Tuesday, August 20, 2019

Back to School - Dave's Midwestern Ohio Memories

Series of Guest Blogs by an out-of-state Fish Report reader originally from this area about fond memories of growing up in Midwestern Ohio during the 50’s & 60’s

Back to School


It’s back-to-school time which brings back memories of August, 1966 when I headed to Sinclair Community College in Dayton after saving some money while working at Copeland’s (now Emerson) for the summer. Rather than commuting from my parents farm in Ft. Loramie, I rented an upstairs room in the house shown above located on Riverside Drive in Dayton, just north of downtown. The place was owned by a widow lady named Mrs. Orsi who rented out the three bedrooms upstairs to college students. Two other Ft. Loramie natives stayed in the other upstairs rooms, including my older cousin, Mel. He’s the one who connected me to Mrs. Orsi as she relied only on word-of-mouth to rent her rooms. She was a wonderful lady we all respected and admired.


At the time, she had some heavy bushes in front of her house above the retaining wall that hid the busy roadway so all she could see when sitting on her front porch was the Stillwater River across Riverside Drive. She would sit out there most of the day, sipping her ice tea and reading a book. I don’t recall her even having a TV. Her husband was a businessman who had died years earlier and her son now ran the business. She was always involved and understood how things were going, as her livelihood depended on it. The $75 we were each paying per month for rent surely wasn’t sufficient.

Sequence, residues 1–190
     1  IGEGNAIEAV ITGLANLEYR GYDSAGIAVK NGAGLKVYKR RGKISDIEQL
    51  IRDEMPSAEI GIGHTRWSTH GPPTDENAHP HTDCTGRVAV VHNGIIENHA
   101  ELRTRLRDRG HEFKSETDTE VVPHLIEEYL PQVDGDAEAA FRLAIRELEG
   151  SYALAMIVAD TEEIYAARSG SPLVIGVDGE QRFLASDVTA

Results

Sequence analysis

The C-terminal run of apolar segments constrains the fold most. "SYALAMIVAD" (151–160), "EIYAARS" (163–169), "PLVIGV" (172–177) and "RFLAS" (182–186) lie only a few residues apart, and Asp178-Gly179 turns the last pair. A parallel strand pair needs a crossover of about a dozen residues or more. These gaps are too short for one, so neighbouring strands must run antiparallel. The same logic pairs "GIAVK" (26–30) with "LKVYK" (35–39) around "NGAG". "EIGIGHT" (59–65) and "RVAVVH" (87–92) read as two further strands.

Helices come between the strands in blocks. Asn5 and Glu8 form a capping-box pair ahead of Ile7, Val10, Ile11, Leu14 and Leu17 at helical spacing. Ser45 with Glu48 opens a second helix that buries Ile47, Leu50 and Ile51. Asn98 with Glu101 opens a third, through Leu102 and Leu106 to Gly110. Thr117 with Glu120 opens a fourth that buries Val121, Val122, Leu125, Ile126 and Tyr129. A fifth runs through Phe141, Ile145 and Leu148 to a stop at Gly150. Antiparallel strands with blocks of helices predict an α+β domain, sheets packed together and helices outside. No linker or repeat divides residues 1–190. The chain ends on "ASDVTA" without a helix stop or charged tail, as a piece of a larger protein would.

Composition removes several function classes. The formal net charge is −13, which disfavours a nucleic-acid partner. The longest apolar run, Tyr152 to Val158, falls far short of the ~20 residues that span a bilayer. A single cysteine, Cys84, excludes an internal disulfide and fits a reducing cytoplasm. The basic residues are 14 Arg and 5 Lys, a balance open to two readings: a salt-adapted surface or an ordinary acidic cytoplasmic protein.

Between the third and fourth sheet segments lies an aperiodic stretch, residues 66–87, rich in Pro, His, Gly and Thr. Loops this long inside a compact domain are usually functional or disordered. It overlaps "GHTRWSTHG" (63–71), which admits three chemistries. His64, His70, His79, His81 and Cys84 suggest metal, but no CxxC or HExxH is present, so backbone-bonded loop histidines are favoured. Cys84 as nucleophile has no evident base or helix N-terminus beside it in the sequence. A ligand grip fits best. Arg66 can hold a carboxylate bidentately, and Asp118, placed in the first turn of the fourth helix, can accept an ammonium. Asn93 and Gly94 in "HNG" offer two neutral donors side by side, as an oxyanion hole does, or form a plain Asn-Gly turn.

Sinclair classes were held in the Dayton YMCA building, and students were allowed to use the YMCA facilities, which was a nice benefit for a sports-minded guy like me. Sinclair also offered a co-op program, which allowed me to both work and go to school, fortunately avoiding any student debt. I worked on the night shift at Frigidaire on the dishwasher assembly line. Most likely I could have also taken a room at the Y rather than renting, but Mrs. Orsi’s place was special. The interior furnishings were art deco style and her late husband's old Packard was still stored in the garage. Their son sometimes started it up and drove it around the block. What a treat it was to get a ride in that old car.